Influencing your boss

“Khun Kriengsak, I’m worried about my promotion to CEO next year,” Tada tells me. “Our chairwoman has strongly recommended to me that I need to improve my influencing skills.”


“Because I’m unable to present things in a short and concise way.”

“Can you give me a specific example?”

“Last week, I had to present the plan to build a new plant. It’s a huge investment. I was given 30 minutes to present my proposal to the board. Unfortunately, before I started the chairwoman had a business emergency to attend to. She had to leave the board meeting immediately. She asked me to walk with her. I had one minute in the elevator and she asked me to give her a short version of my proposal. But I was unable to explain it to her within a minute.

“Later, I had to present the plan to her again. That’s when she told me that I needed to improve in this area.”

“Khun Tada, this is not an unusual case,” I say. In some cases, though, being unable to get an idea across can have severe consequences. In Coaching for Leadership (second edition), authors Marshall Goldsmith & Laurence Lyons offered a sobering example:

“The investigation into what went wrong prior to 9/11 reveals a trail of missed opportunities. Field agents in the FBI had identified men of Middle Eastern origin taking flying lessons in sophisticated simulators; their reports were passed up the system, but their bosses took no notice. In testimony to a specifically formed investigative committee, Richard Clarke, former anti-terrorist czar for both the Clinton and Bush administrations, itemised his failures to persuade his higher-ups to take action against Al Qaeda. Sadly for our nation, the field agents and Mr Clarke were not more effective coaches and sales people.”

“Wow, the inability to influence could kill thousands of innocent people,” Tada comments.

“Khun Tada, I’d like to introduce the ‘elevator pitch’ or ‘elevator speech’. It’s a short summary used to quickly and simply define a product, service, concept or organisation and its value proposition. The name reflects the idea that it should be possible to deliver the summary in the time span of an elevator ride, or approximately 30 seconds to two minutes.”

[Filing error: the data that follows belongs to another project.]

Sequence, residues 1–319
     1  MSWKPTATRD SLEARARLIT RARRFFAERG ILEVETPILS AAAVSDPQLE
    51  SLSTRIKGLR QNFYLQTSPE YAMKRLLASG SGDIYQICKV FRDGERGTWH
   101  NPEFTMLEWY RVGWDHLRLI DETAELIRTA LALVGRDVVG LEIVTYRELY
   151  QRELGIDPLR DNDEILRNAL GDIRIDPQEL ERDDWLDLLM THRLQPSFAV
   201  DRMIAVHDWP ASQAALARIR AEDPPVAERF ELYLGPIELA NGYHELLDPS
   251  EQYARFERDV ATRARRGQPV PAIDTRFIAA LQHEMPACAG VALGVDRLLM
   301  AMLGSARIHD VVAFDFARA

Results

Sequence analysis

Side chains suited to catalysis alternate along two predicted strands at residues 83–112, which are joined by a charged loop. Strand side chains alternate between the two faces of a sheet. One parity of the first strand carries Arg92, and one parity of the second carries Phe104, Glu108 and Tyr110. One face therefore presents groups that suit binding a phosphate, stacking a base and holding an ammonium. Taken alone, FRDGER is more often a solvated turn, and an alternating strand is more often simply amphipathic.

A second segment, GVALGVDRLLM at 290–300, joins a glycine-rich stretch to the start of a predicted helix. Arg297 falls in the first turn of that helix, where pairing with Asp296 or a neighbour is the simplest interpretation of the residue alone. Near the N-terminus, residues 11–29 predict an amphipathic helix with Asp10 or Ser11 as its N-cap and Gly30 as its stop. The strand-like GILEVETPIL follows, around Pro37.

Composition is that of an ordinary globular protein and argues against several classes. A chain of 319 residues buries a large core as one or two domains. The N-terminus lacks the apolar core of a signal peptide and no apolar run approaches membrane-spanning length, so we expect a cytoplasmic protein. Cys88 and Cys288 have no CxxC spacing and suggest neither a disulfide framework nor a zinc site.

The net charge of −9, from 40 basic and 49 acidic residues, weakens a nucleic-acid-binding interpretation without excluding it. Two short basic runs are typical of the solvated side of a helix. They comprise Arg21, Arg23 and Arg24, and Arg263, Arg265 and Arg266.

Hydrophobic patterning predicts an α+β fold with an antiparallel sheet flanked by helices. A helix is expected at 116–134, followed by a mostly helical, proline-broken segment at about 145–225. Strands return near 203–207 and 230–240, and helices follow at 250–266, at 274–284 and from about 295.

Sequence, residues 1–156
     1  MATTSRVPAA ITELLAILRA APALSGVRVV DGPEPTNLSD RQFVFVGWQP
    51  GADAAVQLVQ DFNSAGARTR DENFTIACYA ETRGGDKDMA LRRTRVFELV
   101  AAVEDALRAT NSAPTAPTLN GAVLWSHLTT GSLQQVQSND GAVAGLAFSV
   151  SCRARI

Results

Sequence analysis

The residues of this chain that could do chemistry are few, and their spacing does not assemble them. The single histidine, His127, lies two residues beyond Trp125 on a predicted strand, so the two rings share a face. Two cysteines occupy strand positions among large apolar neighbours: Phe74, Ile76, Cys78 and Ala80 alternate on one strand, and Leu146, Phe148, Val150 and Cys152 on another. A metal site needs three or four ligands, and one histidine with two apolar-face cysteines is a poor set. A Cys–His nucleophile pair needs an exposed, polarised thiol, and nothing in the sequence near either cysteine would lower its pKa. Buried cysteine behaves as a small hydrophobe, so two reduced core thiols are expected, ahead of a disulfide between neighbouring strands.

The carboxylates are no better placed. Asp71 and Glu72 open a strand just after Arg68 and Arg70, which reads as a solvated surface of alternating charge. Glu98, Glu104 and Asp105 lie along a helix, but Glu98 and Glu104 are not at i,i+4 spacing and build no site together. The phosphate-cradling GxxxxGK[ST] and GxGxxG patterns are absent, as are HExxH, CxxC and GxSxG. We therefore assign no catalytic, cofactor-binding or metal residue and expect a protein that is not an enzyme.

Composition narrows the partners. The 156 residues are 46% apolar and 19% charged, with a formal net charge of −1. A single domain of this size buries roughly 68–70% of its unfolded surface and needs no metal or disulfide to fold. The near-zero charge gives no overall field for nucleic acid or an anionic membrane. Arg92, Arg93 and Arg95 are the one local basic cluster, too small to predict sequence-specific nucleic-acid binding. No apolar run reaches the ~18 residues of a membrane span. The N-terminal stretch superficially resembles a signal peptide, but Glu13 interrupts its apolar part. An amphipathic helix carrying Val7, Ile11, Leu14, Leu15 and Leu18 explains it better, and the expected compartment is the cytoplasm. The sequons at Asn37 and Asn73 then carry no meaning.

A variety of people, including project managers, salespeople, evangelists and policymakers, commonly rehearse and use elevator pitches to get their points across quickly.

An elevator pitch is often used by an entrepreneur pitching an idea to a venture capitalist to receive funding. Venture capitalists often judge the quality of an idea by the quality of its elevator pitch and will ask entrepreneurs for their elevator pitches in order to quickly weed out bad ideas and weak teams. Elevator pitches are also used in many other situations. Personal uses include job interviewing and summarising professional services.

“What are the steps?” Tada asks.

“Here are the ABC steps for an elevator pitch: A stands for an audience. Who is your audience? How much time does he or she have for this pitch? B stands for benefit. What’s in it for him or her? And C stands for consequence _ what do you expect the audience to do after listening to your pitch?”

“Coach, let’s use my experience last week as a case in point,” suggests Tada. “In this case, A is the chairwoman. She has one minute for me. As for B, I’m not sure about the benefit to her. Can you elaborate more?”

“Khun Tada, benefit in this context usually is about peace of mind, convenience, profit, return on investment (ROI), safety, image, or good governance. So you could ask yourself this question: What is the benefit to the chairwoman of approving this proposal?”

“The benefit to her is that our company will be able to expand our production.”

“Khun Tada, the expansion is not a benefit to the chairwoman. It’s just an activity. Who is the chairwoman accountable to?”

“Various stakeholders _ investors, social, employees and customers.”

“In this context _ investment in the new plant _ who will be the most concerned stakeholders for a huge investment like this?”

“The primary ones are the investors.”

“So you have to think on behalf of the chairwoman. What is the real benefit to her?”

“An investment that’s worth the return.”

“If you could express that benefit as a headline, what would that be?”

“I want to present a proposal to build a new plant. The expansion will increase our long-term profit to meet the goal in our business plan.”

“That’s good.”

“Coach, what about the consequence?”

“Khun Tada, how do you expect the chairwoman to feel when she exits the elevator?”

“I want her to feel confident in the proposal and approve it.”

“What kind of statement would make her feel that way?”

“I will present the project scope and feasibility study within half a minute. Then, I will close my pitch: ‘After intensive study and considering all the risks, I’m confident that this investment is the right strategic decision. After your approval we can start it within a month.”‘